A discarded In-N-Out burger has captured New Yorkers’ attention
A Queens man is stumped by a fresh-looking In-N-Out burger he found on a street in Jamaica on Saturday at 6:30 a.m. Lincoln Boehm is an In-N-Out superfan, and says the discovery of what he’s certain is a genuine product — recognizable by the correct wrapping, onions between the patties, lettuce at the bottom, and how the buns were toasted — “shook me to my core.” He has tried and failed to bring back burgers from the West Coast, saying that the burger was always “inedible” by the time it reached NYC. He has theories about how it could have gotten there, including “somebody incredibly wealthy who had a private jet” and brought back a bunch and threw them out of their car window, but he’s ruled out a marketing stunt.
Bruno has permanently closed
Divisive East Village pizzeria Bruno will stay permanently closed after a fire forced its shutter last November. Owner Demian Repucci wrote on Instagram that the water damage was “too much to overcome.” The ambitious pizzeria, which milled its own flour, opened in 2015, and it was the rare place that nobody could agree upon. Eater critic Ryan Sutton gave it two stars, but Times critic Pete Wells gave it zero. Repucci later tried to give that zero-star review back, saying that the restaurant had grown. But post-fire, “After several months trying to figure out how to get the restaurant back on its feet, it seems recovery moved beyond my grasp,” Repucci writes.
One of the city’s best al pastor restaurant goes to the LES — and other openings and closings
Popular al pastor spot Taco Mix has opened a location at 156 Delancey St. Eater critic Robert Sietsema has said that the taco spot serves the city’s best version of al pastor, though the burgeoning chain also serves other kinds of meats.
Nolita Pizza has opened at 128 Second Ave. selling pizza by the slice, salads, and Italian entrees like chicken parm and baked ziti. Bar Local 138 has reopened at 181 Orchard St. after a building sale forced its move.
Over in Brooklyn, Mexican taqueria Cena has opened in Windsor Terrace at 601 Greenwood Ave., Park Slope has a new Thai restaurant called Jintana Thai Farmhouse at 344 Seventh Ave., and Prospect-Lefferts Gardens is now home to Edie Jo’s, an American restaurant at 630 Flatbush Ave.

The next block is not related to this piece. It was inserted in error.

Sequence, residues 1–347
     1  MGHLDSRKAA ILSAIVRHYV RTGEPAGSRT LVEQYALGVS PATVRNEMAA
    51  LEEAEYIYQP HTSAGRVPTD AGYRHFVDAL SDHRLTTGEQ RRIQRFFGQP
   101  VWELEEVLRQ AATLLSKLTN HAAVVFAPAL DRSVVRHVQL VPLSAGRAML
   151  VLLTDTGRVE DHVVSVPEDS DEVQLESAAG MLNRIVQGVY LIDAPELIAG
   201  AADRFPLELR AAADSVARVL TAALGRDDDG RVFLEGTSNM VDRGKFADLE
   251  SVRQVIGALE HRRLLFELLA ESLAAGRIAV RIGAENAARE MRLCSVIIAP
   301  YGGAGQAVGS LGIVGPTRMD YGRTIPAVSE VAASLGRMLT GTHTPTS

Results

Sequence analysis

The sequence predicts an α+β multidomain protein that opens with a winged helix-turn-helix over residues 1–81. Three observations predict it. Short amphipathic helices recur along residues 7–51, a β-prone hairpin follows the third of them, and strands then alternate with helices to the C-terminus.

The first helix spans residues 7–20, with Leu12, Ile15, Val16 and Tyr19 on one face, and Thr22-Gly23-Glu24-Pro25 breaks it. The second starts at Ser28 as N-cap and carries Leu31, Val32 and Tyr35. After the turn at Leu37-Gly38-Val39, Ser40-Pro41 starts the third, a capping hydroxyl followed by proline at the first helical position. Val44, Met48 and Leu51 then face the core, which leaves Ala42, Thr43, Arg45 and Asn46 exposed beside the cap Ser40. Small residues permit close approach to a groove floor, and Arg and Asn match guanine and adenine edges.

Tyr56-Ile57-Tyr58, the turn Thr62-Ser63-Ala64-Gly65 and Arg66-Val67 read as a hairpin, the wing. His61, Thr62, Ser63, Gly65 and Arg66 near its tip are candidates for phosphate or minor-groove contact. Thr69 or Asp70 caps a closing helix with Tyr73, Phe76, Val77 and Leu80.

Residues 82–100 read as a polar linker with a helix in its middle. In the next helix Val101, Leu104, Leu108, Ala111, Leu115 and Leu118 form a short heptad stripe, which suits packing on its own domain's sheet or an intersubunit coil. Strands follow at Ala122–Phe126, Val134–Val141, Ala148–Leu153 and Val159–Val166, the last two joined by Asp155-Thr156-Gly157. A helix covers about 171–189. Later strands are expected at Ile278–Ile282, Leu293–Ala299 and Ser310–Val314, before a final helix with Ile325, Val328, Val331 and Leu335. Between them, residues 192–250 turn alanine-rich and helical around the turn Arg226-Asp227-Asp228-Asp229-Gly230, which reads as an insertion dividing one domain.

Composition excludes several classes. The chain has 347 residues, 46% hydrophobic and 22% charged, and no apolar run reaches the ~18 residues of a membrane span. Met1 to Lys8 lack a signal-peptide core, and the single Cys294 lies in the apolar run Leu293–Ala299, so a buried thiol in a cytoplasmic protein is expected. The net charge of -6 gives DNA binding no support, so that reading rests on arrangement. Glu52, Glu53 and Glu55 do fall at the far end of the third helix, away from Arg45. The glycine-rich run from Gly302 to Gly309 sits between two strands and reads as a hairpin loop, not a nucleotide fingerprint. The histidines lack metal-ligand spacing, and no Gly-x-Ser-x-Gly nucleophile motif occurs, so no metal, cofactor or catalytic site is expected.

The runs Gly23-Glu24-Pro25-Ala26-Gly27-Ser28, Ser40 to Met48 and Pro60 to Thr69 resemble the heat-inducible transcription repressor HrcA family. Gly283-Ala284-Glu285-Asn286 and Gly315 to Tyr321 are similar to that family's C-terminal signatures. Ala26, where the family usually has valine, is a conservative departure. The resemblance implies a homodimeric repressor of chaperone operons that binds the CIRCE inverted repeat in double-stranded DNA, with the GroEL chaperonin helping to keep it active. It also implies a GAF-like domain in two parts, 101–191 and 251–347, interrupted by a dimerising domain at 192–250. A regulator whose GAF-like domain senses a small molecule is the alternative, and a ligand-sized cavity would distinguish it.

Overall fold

In coming attractions news, Mexican fast-food chain Dos Toros is opening an UWS outpost at 2911 Broadway, and a Sichuan restaurant called Hupo will open at 10-07 50th Ave. in Long Island City. In the East Village, Martina is flipping into a third location of Australian cafe Ruby’s. Local Jamaican chain Footprints will open a new outpost at 588 Nostrand Ave., coffee shop Hungry Ghost is adding a location at 156 Garfield Pl., and ice cream favorite Brooklyn Ice Cream Factory will return to Brooklyn Heights in the parking lot at 14A Old Fulton St.
But over in the East Village, bodega 14th Street Deli & Candy has been closed, and on the Upper West Side, Freshly Bagel has closed, as has Mido Sushi at 612 Amsterdam Ave.
Two anticipated restaurants near opening
After a fire delayed the opening of Llama San, the West Village Nikkei restaurant from the Llama Inn team, the restaurant is finally back on track. It will open in early September, and it’s now taking reservations. Over in Williamsburg, the bakery from the Win Son team is so close to opening that it’s hosting pop-up previews in the space. Every Sunday at 11 a.m., Win Son Bakery sells black sesame mochi doughnuts, and peanut milk soft serve with banana caramel and candied cocoa nibs, espresso drinks, and sarsaparilla rum floats.
Robots have arrived in NYC restaurant kitchens
NYC restaurants are increasingly turning to automated labor, the Wall Street Journal reports. Dalup Modern Indian in Chelsea makes its dosa with a machine, MakiMaki Sushi has invested tens of thousands of dollars into robots that can make sushi rolls, and Social Drink & Food has a device that measures out alcohol for precise drink pours.